The Middle Eastern salad fattoush, similar to Italian panzanella, is made with stale bread and tomatoes. Where the Italian version uses crusty bread, fattoush contains golden bits of pita, which absorb sweet tomato juices and a lemony dressing. Greens can range from sharp fresh parsley to bright mint, combined with scallions, radishes, and cucumbers. Use small Armenian cucumbers (which do not need peeling or seeding) if you can find them.
|¼||cup lemon juice|
|½||small clove garlic, finely chopped|
|Salt and pepper, to taste|
|⅓||cup olive oil|
1. In a small bowl, whisk together the lemon juice, garlic, salt, and pepper. Set aside for 15 minutes to mellow the garlic.
2. Gradually whisk in the oil; set aside.
|2||rounds (7 to 8 inches) pita|
|3||tablespoons olive oil|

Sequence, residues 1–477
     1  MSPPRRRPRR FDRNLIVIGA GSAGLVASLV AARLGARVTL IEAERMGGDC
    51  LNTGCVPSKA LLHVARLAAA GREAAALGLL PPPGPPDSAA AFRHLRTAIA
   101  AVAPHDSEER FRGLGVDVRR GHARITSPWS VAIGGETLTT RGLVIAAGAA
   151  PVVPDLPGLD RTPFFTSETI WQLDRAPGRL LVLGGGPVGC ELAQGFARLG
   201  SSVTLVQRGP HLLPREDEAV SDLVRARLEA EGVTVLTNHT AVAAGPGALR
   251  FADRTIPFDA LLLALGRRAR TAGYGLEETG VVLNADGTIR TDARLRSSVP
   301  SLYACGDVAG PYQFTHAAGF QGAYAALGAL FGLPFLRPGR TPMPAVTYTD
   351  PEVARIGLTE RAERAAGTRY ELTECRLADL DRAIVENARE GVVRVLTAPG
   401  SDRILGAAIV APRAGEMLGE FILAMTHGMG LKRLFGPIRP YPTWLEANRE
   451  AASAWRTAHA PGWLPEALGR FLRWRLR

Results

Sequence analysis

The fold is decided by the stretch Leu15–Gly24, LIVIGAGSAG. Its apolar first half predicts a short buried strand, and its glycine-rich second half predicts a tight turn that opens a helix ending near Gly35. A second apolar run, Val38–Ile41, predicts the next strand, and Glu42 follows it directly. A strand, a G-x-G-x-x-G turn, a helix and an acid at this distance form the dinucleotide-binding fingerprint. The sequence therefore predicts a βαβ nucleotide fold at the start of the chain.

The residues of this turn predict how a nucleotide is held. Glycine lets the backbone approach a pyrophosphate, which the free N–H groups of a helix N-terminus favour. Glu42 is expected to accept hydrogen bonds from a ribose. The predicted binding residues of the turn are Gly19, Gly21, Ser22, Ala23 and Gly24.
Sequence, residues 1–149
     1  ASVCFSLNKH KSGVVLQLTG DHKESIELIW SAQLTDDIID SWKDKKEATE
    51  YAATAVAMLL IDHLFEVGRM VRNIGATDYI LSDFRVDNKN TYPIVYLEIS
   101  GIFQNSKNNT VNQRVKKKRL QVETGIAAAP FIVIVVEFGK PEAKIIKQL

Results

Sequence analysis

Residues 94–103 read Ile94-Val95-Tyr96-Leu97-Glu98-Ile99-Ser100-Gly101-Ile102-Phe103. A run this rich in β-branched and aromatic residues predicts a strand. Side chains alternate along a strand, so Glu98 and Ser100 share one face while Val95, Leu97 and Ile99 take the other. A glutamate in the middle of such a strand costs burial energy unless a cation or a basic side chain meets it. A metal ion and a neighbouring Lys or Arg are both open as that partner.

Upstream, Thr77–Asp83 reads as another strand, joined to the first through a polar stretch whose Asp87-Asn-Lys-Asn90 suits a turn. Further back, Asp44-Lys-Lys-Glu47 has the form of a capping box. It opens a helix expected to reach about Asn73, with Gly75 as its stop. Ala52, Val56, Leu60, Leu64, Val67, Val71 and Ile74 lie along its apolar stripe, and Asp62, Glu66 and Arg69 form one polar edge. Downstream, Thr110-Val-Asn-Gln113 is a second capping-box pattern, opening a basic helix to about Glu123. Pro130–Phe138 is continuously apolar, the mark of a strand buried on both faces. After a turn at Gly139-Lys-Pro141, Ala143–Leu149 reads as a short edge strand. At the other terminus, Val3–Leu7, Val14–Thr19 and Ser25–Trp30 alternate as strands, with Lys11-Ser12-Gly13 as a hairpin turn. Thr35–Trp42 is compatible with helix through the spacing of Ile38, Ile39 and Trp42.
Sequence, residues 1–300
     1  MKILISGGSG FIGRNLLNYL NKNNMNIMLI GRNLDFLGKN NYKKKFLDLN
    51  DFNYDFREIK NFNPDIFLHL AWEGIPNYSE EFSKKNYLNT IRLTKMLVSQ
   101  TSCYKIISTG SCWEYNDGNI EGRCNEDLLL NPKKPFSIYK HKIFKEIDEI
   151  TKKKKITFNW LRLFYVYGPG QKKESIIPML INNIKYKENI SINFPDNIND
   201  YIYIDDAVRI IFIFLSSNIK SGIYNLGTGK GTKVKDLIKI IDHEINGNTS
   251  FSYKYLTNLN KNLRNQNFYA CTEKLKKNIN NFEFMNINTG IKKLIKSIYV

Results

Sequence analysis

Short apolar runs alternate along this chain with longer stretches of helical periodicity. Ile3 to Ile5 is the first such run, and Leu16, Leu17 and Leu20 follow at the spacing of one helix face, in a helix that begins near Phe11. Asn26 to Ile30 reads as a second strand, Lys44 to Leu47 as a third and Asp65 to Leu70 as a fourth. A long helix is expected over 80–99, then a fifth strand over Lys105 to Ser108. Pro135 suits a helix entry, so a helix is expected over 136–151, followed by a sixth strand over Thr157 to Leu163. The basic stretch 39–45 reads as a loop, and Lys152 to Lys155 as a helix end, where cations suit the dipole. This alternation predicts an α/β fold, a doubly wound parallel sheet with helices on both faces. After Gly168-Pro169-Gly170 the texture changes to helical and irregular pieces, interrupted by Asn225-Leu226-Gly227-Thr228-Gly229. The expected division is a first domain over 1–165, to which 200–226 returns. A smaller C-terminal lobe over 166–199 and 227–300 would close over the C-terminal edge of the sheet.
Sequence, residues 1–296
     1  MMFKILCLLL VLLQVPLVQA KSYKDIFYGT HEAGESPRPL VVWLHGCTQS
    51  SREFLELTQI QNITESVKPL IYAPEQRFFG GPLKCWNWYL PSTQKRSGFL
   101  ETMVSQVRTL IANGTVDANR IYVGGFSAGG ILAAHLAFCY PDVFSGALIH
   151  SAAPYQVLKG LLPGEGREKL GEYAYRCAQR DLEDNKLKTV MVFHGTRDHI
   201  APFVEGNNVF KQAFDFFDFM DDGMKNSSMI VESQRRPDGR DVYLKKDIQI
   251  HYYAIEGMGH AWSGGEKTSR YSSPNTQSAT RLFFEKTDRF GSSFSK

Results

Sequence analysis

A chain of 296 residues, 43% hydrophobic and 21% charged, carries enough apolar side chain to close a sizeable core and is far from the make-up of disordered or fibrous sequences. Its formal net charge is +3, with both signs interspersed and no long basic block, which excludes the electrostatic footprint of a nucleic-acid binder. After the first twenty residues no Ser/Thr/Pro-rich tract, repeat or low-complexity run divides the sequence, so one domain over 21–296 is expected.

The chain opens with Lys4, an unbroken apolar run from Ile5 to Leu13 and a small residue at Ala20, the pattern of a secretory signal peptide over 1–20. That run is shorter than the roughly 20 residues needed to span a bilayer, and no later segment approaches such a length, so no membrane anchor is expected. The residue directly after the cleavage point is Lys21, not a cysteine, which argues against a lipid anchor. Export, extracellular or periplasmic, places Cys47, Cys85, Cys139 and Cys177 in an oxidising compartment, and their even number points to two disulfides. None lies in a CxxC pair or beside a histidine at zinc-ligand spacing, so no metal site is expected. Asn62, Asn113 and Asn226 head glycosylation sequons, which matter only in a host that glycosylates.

|3||ripe tomatoes, cut into ½-inch pieces|
|2||Armenian cucumbers or 1 regular cucumber, sliced|
|4||radishes, thinly sliced|
|2||scallions, thinly sliced|
|1||small bunch arugula, torn intobite-size pieces|
|1||cup stemmed fresh parsley leaves|
|1||cup stemmed fresh mint leaves|
1. Set the oven at 350 degrees. Have on hand a rimmed baking sheet.
2. With scissors, cut along the outside of the pita rounds to separate them into 4 circles. Brush both sides with olive oil, and set on the baking sheet. Bake for 12 to 15 minutes, or until crisp and golden. Cool, and break into bite-size pieces.
3. In a salad bowl, sprinkle the tomatoes, cucumbers, and radishes lightly with salt and pepper. Add the scallions, arugula, parsley, and mint. Toss well.
4. Just before serving, add the pita bread to the bowl. Pour the dressing over the salad and toss again. Taste for seasoning, and add more salt and pepper if you like. Sally Pasley Vargas